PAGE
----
Police are arresting protesters who took part in the Occupy Melbourne demonstration after more than 100 officers moved in to clear city streets.
Riot and mounted police broke up a group of several hundred protesters who blocked the intersection of Swanston and Collins streets after being forcibly removed from City Square.
Lines of police held demonstrators off the streets, and officers then moved into the crowd to arrest protesters.
Police clearly targeted some protesters in the crowd, arresting about half a dozen people.
Some were handcuffed, others frog-marched, to two large police vans brought to the scene.
The large group of protesters has now moved further down Swanston Street to the Bourke Street Mall.
Earlier, police forcibly removed about 100 protesters from City Square after they defied an order to leave by 9am .
Most of the Occupy Melbourne protesters resisted police, and several officers dragged them out of the protest area set up last Saturday.
Some protesters screamed and cried as they were removed.
A small number walked from the site peacefully.
Police had dismantled the campsite some hours earlier, destroying tents and putting belongings into a van.
The tents had been pitched since Saturday as part of the world-wide movement that began as Occupy Wall Street in New York.
The protesters were given an eviction notice and told to leave by 9am.
There have also been scuffles outside the square in Swanston Street where protesters were sitting on the road and blocking trams.
A huge police presence, including mounted officers, are removing the protesters from the road to allow trams to pass.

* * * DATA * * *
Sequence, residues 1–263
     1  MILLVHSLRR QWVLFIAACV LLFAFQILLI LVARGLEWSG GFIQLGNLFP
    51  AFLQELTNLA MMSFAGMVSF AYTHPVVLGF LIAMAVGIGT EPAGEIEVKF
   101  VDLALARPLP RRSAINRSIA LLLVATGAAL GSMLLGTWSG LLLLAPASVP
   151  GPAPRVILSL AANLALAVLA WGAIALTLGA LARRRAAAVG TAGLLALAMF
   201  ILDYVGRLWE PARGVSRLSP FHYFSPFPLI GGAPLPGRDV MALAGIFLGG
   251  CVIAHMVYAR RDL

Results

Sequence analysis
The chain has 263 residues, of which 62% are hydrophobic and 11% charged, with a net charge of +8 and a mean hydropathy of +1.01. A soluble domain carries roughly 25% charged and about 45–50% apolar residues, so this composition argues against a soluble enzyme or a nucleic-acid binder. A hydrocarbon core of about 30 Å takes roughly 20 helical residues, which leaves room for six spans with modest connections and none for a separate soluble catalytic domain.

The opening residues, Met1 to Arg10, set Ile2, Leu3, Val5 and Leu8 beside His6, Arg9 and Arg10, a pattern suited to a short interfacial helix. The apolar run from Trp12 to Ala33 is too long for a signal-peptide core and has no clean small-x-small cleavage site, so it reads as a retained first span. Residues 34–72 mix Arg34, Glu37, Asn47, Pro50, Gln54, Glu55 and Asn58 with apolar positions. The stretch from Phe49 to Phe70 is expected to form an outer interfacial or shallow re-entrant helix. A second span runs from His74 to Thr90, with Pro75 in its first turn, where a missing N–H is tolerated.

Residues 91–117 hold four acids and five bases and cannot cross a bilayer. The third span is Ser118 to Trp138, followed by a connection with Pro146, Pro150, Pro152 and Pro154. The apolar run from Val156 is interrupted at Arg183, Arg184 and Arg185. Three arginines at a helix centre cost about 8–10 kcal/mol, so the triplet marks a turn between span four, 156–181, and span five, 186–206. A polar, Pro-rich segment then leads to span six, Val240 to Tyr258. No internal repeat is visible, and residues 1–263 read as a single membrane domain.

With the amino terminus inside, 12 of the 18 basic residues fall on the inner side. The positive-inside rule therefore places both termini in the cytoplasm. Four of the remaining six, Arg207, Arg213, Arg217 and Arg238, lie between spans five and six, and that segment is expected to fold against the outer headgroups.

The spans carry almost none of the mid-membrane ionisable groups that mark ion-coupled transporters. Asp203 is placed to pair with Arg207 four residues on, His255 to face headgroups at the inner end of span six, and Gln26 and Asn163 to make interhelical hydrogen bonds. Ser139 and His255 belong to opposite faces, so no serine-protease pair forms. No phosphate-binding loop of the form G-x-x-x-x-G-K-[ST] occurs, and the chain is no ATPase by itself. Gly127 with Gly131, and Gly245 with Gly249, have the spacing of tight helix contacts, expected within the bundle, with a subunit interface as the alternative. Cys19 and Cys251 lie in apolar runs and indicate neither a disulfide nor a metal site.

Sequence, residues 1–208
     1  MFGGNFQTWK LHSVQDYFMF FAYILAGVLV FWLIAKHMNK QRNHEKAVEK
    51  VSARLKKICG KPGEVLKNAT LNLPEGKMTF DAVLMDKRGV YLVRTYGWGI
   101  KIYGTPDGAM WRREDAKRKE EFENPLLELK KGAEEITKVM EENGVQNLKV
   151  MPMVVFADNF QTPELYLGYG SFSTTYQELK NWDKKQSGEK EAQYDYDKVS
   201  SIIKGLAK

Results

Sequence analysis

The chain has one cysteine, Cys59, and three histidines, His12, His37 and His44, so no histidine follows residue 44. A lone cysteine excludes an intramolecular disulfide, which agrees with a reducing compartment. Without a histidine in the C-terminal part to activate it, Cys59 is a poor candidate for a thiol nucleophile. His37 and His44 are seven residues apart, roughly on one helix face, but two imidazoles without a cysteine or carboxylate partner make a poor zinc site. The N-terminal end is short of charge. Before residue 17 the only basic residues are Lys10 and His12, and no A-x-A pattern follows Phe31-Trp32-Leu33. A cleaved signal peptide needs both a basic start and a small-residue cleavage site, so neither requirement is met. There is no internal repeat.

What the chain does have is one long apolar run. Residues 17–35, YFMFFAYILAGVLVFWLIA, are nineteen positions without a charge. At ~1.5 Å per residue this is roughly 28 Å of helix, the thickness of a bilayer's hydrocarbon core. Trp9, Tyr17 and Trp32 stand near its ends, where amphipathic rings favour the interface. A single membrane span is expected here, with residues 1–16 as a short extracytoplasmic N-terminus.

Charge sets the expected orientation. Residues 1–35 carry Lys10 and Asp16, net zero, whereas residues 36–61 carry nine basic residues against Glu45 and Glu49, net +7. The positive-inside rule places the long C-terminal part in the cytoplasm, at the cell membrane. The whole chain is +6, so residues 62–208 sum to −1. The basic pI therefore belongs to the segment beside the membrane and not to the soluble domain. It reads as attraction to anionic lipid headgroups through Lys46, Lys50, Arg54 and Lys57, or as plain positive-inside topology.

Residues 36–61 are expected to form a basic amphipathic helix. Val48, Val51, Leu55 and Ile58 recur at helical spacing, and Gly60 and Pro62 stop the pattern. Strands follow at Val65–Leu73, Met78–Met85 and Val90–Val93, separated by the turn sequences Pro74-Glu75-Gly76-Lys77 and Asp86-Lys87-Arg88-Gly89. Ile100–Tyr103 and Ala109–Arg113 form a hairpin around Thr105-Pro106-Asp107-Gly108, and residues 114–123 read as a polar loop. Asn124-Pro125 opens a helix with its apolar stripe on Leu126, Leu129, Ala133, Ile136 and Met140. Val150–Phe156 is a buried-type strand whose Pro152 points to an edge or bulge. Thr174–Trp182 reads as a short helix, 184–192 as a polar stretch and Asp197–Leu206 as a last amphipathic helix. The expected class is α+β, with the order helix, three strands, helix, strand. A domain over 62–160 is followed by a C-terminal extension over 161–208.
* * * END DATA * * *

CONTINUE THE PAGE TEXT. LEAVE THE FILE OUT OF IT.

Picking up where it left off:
Meanwhile, the city square looks like a tip as police remove everything from books to food, boxes, pens and rubbish.
Occupy Melbourne spokesman Jacob Grech said protesters had remained peaceful and described the police as disorganised.
”At one moment they’re holding the line and refusing to let people in, and all of a sudden they are running in and arresting people (trying to get in),” Mr Grech said.
He said the demonstrators were prepared to remain in the city square indefinitely.
”We’re telling them (protesters) that it’s their right to protest and stay put,” he said.
”We’re letting them know that if they are arrested they will have legal representation and support.”
Several hundred people have gathered outside the city square watching the spectacle unfold.
Greens MP and federal member for Melbourne, Adam Bandt, criticised the City of Melbourne for calling in the riot police on a peaceful protest.
”(Victorian Premier) Ted Baillieu and (Lord Mayor) Robert Doyle have made a huge blunder by sending in the police, turning a week-long non-violent protest into a site of confrontation” he said.
The authorities should have negotiated with the protesters before resorting to heavy-handed.
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